Yaoshang- as the festival of colour is locally known is just around the corner. Arguably the most anticipated festival will be celebrated by young and old alike without exceptions to caste, creed or faith in a day’s time. And as with everything that has gone through the changes brought about by time, the manner of celebration has undergone a sea change from how it was a decade ago. The five day cultural extravaganza which used to be predominantly about playing with colours by the boys and stopping of passersby for contributions by the girls during the daytime while the evenings were marked by Thabal Chongba – the traditional dance where finely decked girls dance with the boys to the lilting music, have undergone changes which have started raising eyebrows and concerns.
Playing with colours and spraying with coloured water on passersby have given way to splashing of dirty and smelling water which have resulted in frequent quarrels and more unfortunately to unwanted accidents. While the state security and traffic police personnel have stepped up their vigil to prevent unwanted incidents and curb excesses during the festival, the trend for the youth to abuse the festive spirit and indulge in excesses have been on the increase. Triple riding on two wheelers, speeding, incessant honking, throwing water balloons at passing motorists and four wheeled vehicles packed beyond their stated capacity have come to be the norm rather than the exception and a definite recipe for disaster.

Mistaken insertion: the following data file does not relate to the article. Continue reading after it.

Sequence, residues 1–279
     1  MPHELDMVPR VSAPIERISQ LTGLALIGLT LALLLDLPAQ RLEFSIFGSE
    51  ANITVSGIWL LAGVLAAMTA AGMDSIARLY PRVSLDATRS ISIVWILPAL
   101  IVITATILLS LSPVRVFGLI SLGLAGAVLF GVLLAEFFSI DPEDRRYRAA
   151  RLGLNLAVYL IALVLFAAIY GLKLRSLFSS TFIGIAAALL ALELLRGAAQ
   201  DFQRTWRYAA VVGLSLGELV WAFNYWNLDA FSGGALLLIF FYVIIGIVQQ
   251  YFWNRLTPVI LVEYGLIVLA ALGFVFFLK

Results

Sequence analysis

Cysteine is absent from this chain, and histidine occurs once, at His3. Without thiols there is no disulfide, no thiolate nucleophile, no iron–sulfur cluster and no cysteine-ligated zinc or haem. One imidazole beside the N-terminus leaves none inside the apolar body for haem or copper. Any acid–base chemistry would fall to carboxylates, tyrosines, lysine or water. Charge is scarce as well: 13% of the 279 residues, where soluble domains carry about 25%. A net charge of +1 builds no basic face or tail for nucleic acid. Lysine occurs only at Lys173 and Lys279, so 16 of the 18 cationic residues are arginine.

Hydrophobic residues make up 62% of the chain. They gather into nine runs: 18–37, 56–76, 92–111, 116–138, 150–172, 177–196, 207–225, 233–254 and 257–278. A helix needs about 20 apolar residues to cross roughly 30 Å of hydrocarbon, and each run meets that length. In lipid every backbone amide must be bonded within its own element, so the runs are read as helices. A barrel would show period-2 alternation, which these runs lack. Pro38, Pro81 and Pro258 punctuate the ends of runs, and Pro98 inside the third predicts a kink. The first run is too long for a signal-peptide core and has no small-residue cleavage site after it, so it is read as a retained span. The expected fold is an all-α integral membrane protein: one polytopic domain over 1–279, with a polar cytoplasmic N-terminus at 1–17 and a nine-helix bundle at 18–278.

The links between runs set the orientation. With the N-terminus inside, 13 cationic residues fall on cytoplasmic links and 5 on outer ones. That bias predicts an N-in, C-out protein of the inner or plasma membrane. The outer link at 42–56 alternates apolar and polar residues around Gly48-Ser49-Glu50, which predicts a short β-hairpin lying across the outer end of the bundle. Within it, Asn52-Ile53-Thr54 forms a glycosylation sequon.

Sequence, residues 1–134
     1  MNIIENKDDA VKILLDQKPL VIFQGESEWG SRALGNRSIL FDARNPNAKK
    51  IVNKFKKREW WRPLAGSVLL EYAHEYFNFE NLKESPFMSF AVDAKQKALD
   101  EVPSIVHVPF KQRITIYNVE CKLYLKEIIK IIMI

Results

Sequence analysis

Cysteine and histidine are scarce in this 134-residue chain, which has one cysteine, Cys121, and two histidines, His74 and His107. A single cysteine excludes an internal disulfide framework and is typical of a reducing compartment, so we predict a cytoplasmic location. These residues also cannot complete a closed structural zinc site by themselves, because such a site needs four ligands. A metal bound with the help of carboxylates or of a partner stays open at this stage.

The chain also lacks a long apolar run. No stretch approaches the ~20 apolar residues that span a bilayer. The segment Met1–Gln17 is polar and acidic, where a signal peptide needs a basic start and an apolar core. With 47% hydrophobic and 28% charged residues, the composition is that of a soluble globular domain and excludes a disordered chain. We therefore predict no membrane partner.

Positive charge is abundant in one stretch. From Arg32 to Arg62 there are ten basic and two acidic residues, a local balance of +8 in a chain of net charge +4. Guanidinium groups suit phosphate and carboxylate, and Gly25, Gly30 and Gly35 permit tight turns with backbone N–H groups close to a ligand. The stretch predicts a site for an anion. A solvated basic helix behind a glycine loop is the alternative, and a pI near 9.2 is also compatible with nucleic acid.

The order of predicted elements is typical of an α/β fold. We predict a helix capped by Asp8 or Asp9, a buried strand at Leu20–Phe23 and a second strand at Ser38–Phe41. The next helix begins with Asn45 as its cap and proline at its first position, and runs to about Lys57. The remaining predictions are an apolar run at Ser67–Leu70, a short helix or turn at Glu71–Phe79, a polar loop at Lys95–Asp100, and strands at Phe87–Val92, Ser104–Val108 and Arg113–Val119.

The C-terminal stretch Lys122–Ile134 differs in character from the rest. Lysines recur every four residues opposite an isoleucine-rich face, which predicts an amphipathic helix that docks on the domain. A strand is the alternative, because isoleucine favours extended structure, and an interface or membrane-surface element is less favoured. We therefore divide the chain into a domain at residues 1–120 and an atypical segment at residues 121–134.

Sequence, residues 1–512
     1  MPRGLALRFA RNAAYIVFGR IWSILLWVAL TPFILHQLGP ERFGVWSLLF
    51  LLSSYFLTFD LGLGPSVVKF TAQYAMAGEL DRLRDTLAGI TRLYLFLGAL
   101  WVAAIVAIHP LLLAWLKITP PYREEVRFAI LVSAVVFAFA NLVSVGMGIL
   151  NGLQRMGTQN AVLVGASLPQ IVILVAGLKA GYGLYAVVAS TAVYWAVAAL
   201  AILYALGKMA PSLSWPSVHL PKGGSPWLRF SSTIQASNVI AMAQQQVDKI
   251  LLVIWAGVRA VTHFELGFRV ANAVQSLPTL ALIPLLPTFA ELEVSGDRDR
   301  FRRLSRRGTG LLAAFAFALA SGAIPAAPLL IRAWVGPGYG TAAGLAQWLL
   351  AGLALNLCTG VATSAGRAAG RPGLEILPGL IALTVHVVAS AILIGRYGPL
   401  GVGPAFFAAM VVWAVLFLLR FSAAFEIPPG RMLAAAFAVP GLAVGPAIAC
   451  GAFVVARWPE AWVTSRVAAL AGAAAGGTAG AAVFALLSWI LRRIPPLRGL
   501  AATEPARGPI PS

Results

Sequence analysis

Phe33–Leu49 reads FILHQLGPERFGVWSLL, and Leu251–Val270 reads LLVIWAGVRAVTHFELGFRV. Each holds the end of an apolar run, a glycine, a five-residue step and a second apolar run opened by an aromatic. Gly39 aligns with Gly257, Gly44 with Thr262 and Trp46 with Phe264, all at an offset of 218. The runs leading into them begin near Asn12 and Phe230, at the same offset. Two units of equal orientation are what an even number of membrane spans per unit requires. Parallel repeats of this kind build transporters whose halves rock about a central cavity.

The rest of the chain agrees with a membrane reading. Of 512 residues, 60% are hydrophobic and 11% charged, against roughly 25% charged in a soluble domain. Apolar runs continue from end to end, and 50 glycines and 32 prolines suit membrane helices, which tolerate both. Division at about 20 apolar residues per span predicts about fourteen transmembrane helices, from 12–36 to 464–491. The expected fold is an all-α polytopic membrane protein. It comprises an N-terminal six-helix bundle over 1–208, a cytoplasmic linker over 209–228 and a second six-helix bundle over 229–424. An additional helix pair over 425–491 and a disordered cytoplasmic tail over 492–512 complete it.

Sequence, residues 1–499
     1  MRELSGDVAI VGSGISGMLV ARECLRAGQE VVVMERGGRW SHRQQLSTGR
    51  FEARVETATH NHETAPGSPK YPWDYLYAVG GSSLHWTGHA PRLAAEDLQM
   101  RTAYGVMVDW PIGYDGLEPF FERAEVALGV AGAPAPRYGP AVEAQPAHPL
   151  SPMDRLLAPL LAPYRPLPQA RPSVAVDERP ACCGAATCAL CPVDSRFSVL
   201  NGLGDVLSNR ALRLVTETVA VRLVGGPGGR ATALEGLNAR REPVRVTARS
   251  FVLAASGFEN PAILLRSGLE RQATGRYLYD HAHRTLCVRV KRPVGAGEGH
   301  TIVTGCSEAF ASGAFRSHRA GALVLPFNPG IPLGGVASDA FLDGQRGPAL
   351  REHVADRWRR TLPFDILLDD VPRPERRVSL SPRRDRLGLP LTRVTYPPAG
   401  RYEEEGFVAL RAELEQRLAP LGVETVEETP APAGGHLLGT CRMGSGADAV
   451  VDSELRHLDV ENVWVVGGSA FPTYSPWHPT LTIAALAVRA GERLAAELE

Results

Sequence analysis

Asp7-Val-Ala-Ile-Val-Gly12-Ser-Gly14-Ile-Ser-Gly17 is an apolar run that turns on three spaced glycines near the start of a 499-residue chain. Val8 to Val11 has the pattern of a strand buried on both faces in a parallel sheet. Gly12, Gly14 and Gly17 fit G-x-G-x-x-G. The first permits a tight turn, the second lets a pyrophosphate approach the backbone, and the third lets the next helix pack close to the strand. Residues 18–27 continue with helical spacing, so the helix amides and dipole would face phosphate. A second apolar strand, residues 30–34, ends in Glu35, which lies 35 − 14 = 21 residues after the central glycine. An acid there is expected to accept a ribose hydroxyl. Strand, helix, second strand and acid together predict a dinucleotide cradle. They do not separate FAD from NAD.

Another aspect of the festival that has started to evoke more criticisms is that of the unearthly hours into which the Thabal Chongba is being dragged on. While the nocturnal revelers might very well be having a great time with the gradually extending period of celebration, for those who are trying to get some rest and quiet, and more importantly those who are not in the best of health, the shrill noise of the loudspeakers could very well escalate the condition.
It would not be possible for the government machinery to keep the society in check during such festive periods. It is for everyone of us to voluntarily shoulder our responsibilities and try to control our near and dear ones. A good way to start would be to make the young generation understand the origin and essence of such festivals to enable them to celebrate the occasions in the right spirit and attitude.
- Published in Editorial